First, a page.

Voorhees College looks to expand

Voorhees president Dr. Cleveland L. Sellers speaks at the Town and Gown event.

Voorhees president Dr. Cleveland L. Sellers speaks at the Town and Gown event.

First Byline: 
Laura J. Mckenzie - Publisher

An elegant evening was held at the Voorhees College president's campus home recently that was an attempt for college leadership to reach out to the area business community.
The "Town and Gown" was held the evening of Thursday, Oct. 3, in Denmark. It combined a mild fall evening with catered food, a performance by select members of the VC choir, and social interaction with a pitch for support.
"We are in the process of looking at some expansion that will allow us to work toward increasing our enrollment to over 1,000 students," said Voorhees President Dr. Cleveland L. Sellers. Currently Voorhees has a student population of approximately 600.
He noted the college has an annual budget of $20 million and 150 employees. "We make a tremendous economic impact" in Denmark and the Bamberg/Barnwell counties area, he said.
"We recognized that economic impact and if we expand, we will have a greater impact," said Sellers.
He said college leadership envision a "robust community of 1,000 students" that will have a positive economic effect on the area.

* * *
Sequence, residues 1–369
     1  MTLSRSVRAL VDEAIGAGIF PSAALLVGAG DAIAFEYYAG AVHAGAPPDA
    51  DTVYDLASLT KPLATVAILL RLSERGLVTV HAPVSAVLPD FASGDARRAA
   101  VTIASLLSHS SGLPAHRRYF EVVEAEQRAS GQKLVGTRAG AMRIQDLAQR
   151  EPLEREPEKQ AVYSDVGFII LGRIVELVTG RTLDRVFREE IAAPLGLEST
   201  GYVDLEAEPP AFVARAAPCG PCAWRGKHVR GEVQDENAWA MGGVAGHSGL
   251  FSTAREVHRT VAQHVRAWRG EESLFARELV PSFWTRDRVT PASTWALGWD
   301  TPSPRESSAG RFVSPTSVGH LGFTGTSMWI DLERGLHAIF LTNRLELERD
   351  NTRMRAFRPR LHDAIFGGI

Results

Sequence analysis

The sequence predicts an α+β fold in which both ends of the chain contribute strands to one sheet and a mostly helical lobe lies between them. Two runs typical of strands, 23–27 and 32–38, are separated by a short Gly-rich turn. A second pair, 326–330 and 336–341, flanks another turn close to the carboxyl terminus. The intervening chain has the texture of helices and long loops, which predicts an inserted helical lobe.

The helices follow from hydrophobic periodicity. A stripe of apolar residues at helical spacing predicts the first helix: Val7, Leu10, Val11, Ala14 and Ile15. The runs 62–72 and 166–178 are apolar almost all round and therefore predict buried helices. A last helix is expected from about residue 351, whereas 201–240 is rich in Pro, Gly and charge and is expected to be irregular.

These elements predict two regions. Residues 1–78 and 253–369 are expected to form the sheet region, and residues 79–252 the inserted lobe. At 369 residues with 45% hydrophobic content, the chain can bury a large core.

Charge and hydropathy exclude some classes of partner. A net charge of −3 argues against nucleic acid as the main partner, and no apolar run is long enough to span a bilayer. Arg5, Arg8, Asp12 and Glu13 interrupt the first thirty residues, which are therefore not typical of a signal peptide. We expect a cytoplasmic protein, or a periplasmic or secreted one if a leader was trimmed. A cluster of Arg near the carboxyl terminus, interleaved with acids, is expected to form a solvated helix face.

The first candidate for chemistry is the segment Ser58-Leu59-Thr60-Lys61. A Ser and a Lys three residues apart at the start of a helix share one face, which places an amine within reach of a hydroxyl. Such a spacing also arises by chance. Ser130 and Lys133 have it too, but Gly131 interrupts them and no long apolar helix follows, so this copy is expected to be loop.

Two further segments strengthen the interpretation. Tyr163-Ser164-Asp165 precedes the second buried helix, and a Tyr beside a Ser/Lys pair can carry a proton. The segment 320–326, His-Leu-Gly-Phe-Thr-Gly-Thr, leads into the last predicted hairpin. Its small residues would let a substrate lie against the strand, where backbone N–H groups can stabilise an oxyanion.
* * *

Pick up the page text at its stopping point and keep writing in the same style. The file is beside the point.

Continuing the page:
But, to do so, Sellers and others need the support of the community.
Guests included leadership from local and area businesses, industries and politicians.
While no one was asked directly for a donation, Sellers indicated financial support for Voorhees could have long-term positive effects on the community.
Voorhees board chairman .... Guess related how other rural communities similar to Denmark have thrived "on the backbone of their college."
He said Bamberg County currently has a "declining population" but "we have the economic engine to reverse that if we take the steps to do so."
He said the Town and Gown was an initial get-together that he hopes will turn into a periodic "think-tank forum" for growth.
College officials said the school has maintained its Southern Association of Colleges and Schools (SACS) accreditation and boasts of 16 majors and non-traditional degree programs. One such department is a cyber-technology department to train students on cyber security.
They said they want to work with local businesses and industry to grow the college and, in turn, grow the community.